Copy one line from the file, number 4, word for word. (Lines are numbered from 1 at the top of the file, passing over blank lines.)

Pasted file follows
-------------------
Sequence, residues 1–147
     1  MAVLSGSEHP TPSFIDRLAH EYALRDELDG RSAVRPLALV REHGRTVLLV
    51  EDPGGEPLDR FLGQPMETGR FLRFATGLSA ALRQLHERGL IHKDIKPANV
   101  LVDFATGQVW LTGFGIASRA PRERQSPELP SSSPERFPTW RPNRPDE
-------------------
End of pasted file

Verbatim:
   101  LVDFATGQVW LTGFGIASRA PRERQSPELP SSSPERFPTW RPNRPDE